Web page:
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Current Results of Surgical Therapy for Chronic Mesenteric Ischemia

John Moawad, MD; James F. McKinsey, MD; Charles W. Wyble, MD; Hisham S. Bassiouny, MD; Lewis B. Schwartz, MD; Bruce L. Gewertz, MD
Arch Surg. 1997;132(6):613-619. doi:10.1001/archsurg.1997.01430300055012.
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Background:  Although recognition of chronic mesenteric ischemia has increased in recent years, this disorder has continued to present diagnostic and therapeutic challenges.

Objective:  To examine the modern results of surgical revascularization for chronic mesenteric ischemia.

Design:  Retrospective review.

Setting:  University medical center.

Patients:  The management of 24 consecutive patients (mean±SEM age, 58±3 years; 5 men, 19 women) who were undergoing surgical treatment of chronic mesenteric ischemia between 1986 and 1996 was reviewed.

Intervention:  Surgical mesenteric revascularization.

Main Outcome Measures:  Postoperative course, long-term graft patency rate, and long-term symptom-free survival rate.

Results:  The most frequent presenting symptoms were postprandial abdominal pain (18 patients [75%]) and weight loss (14 patients [58%]). Less specific complaints included nausea and vomiting (8 patients [33%]), diarrhea (7 patients [29%]), and constipation (4 patients [17%]). Atherosclerotic risk factors were common, including tobacco use (20 patients [83%]), coronary artery disease (10 patients [42%]), and hypertension (10 patients [42%]). The cause was identified as atherosclerosis in 21 patients, median arcuate ligament compression in 2 patients who were monozygotic twins, and Takayasu arteritis in 1 patient. Lesions were localized to all 3 major visceral vessels (celiac artery, superior mesenteric artery [SMA], and inferior mesenteric artery) in 8 patients, celiac artery and SMA in 13, SMA alone in 2, and SMA and inferior mesenteric artery in 1. Seventeen patients underwent antegrade reconstructions from the supraceliac aorta to the SMA and/or celiac artery; 7 patients underwent revascularization by use of a retrograde bypass that originated from the infrarenal aorta or a prosthetic graft. There were no perioperative deaths although 1 patient died in the hospital 6 weeks after early graft failure and sepsis (overall in-hospital mortality, 4%). Follow-up ranged from 3 months to 10 years (median, 2.4years). The mean±SEM 5-year primary graft patency rate, as objectively documented by use of contrast angiography or duplex scanning in 19 of 24 patients, was 78%±11%. Primary failure was documented in 3 patients (at 3 weeks, 5 months, and 7 months). Two patients required a thrombectomy; 1 of these patients subsequently died of an intestinal infarction. The mean±SEM 5-year survival rate by use of life-table analysis was 71%±11%. No patient with a patent graft experienced a symptomatic recurrence.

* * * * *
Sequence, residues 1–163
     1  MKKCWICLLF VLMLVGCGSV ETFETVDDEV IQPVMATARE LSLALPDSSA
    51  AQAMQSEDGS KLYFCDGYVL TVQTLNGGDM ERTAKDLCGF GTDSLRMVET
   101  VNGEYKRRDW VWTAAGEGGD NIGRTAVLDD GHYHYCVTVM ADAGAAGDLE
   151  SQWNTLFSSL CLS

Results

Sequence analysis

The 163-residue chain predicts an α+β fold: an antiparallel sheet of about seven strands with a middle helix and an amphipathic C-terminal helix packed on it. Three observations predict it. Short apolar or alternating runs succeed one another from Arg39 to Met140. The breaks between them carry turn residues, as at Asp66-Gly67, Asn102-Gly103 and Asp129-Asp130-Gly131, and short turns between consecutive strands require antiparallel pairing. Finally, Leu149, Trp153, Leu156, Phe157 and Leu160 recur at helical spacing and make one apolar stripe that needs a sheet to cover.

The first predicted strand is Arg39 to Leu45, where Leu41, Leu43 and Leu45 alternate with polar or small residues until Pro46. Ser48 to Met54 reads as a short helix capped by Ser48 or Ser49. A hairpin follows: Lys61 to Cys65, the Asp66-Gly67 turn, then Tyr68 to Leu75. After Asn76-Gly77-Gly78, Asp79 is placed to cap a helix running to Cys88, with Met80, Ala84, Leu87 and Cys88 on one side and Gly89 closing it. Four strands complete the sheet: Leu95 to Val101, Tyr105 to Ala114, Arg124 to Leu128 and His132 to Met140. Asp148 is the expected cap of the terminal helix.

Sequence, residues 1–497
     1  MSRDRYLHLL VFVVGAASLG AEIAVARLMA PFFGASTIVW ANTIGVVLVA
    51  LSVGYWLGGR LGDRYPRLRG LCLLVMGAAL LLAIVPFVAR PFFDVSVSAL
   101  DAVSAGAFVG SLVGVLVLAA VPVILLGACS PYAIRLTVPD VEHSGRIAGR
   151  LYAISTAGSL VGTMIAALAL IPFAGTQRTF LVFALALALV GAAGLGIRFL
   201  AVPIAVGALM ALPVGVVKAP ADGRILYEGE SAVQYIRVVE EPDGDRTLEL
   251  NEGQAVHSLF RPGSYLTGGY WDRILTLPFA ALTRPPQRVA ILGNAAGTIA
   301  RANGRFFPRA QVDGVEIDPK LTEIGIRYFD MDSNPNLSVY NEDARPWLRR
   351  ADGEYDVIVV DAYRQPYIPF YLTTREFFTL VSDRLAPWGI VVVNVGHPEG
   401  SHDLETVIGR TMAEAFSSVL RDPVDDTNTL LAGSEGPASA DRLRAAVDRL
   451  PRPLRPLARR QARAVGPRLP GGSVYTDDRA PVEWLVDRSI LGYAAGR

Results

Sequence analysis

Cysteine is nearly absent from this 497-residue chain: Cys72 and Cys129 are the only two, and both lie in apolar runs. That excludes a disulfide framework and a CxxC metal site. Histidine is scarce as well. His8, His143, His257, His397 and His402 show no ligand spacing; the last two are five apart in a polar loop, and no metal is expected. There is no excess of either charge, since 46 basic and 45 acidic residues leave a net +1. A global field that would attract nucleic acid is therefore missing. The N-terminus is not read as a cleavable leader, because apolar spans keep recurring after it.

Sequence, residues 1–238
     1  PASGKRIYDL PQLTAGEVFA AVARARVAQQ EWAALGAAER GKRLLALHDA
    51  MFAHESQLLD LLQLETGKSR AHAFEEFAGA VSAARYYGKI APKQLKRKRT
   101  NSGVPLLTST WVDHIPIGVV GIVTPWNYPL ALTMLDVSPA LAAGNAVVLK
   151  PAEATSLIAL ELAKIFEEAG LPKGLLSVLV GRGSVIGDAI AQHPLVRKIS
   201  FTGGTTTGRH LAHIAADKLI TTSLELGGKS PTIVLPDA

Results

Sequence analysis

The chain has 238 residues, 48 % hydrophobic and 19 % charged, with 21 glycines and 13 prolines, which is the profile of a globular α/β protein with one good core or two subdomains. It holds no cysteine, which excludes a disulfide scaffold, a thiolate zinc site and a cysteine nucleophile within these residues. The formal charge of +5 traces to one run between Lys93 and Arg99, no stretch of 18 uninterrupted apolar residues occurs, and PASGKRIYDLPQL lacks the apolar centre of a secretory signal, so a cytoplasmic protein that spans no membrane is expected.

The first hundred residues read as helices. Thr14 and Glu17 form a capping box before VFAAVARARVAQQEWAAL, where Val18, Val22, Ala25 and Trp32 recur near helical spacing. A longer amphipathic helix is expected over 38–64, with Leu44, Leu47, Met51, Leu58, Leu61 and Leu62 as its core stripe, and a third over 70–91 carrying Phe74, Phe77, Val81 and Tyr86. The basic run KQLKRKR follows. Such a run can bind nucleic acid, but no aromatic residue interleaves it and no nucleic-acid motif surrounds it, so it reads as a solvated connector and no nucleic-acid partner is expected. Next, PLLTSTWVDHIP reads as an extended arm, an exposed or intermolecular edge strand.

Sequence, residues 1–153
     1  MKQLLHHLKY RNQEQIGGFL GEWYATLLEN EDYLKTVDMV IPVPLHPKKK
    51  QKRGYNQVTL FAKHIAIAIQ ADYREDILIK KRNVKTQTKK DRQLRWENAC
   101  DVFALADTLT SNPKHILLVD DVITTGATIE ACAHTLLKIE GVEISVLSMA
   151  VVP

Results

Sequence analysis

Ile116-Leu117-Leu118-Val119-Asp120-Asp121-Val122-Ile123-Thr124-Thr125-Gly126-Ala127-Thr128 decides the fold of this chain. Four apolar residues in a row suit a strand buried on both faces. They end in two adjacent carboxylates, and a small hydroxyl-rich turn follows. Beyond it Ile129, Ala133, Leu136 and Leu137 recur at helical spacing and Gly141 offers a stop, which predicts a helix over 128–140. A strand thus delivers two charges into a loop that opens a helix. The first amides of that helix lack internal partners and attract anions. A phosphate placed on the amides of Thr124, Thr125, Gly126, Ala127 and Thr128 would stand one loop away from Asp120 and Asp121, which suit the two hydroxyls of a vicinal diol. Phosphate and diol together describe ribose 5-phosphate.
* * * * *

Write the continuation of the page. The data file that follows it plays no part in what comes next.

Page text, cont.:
Conclusions:  Chronic mesenteric ischemia is usually a manifestation of advanced systemic atherosclerosis. Symptoms almost always reflect midgut ischemia in the distribution of the SMA. An antegrade bypass from the supraceliac aorta can be performed with acceptable operative morbidity and is currently the preferred reconstructive technique. Surgical revascularization affords long-term symptom-free survival in a majority of patients with chronic mesenteric ischemia.Arch Surg. 1997;132:613-619


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